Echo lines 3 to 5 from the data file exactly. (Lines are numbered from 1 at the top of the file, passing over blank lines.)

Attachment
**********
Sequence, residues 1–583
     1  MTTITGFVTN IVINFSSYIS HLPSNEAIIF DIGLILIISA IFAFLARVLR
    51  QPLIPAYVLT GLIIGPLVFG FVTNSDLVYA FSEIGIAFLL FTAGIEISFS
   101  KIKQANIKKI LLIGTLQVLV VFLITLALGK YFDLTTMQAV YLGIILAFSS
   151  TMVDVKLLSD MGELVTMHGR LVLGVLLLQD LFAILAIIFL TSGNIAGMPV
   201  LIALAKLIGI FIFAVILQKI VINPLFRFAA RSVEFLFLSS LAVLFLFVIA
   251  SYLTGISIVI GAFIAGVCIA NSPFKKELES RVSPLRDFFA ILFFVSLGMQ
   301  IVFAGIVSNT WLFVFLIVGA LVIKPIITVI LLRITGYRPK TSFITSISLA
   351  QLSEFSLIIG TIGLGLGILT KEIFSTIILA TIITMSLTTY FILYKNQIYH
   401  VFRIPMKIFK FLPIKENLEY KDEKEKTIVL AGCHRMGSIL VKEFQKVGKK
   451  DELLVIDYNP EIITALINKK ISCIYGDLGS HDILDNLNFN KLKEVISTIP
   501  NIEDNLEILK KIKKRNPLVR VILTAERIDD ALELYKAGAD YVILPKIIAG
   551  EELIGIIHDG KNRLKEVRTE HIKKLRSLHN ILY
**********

    51  QPLIPAYVLT GLIIGPLVFG FVTNSDLVYA FSEIGIAFLL FTAGIEISFS
   101  KIKQANIKKI LLIGTLQVLV VFLITLALGK YFDLTTMQAV YLGIILAFSS
   151  TMVDVKLLSD MGELVTMHGR LVLGVLLLQD LFAILAIIFL TSGNIAGMPV